By Abdul Ghani Nasir
Pixs by Ahmad Shahiddan Saidi
BANGI, 23 Mac. 2012 – An economic scholar with the National University of Malaysia (UKM) said Malaysia has yet to optimise its human capital requirements partly due to the low quality of human capital investment, brain drain and the influx of unskilled foreign workers.
It was thus imperative that the quality of such investment like in education and training be upgraded, said Prof Dr Rahmah Ismail, Head Human Resource Research Centre, Faculty of Economics and Management, UKM.
Prof Rahmah was delivering her Professor’s Premier Lecture on “Human Capital in Economic Development – Enhancing Productivity and Competitiveness” here today. She said emphasis on higher education alone does not ensure continuing quality in the development of human resource.
The quality of basic education needed to be improved so as to sharpen the minds and talents of students much earlier instead of only at the tertiary level.
She said instilling high discipline and good command of languages should also be given emphasis earlier.
A continuing economic development needed to be balanced with the needs of people who are educated and a workforce who are skilled, highly motivated and disciplined.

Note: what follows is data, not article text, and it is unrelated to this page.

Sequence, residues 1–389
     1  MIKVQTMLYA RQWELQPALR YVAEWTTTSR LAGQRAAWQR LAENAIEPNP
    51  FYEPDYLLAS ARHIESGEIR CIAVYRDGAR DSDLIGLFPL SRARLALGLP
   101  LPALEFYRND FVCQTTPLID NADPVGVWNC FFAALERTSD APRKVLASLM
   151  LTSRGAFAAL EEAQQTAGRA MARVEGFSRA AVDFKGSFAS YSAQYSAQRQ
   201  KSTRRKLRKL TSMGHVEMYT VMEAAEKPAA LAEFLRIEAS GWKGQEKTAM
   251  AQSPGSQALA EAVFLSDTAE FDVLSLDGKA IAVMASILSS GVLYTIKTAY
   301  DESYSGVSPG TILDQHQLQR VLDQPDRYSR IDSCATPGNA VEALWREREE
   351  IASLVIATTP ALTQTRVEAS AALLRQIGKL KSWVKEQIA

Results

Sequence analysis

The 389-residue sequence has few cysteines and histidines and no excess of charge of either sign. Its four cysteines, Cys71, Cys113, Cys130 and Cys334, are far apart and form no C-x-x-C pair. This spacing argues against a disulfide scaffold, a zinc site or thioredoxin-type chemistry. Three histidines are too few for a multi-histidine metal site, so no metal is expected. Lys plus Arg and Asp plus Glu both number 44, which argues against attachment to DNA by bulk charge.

Experience of advanced countries like Germany and Japan showed that technical and vocational education are needed in order to push economic development further.
“Research has shown that education in such fields is important in producing the skilled workers needed in high technology. Their need is ever increasing,” Prof Rahmah said.
She said that the status of human capital in Malaysia was still behind the newly industrialised countries in the region like South Korea, Taiwan, Singapore and Hong Kong.
The presence of the required human capital was important so as to achieve the status of a developed nation as it would be the catalyst to mobilise other resources like capital and natural resources and at the same time determine the way forward for growth and development through the formulation of strategies and policies, she said.
Prof Rahmah also said that the use of high technology have a close corelation with the demand for highly skilled workers which in turn could reduce the country’s dependence on foreign labour.
She said the standard of technology in general was still moderate especially in small and medium industries. But even the foreign owned industries were still labour intensive and were thus very dependant on unskilled or at most only semi-skilled workers for their production.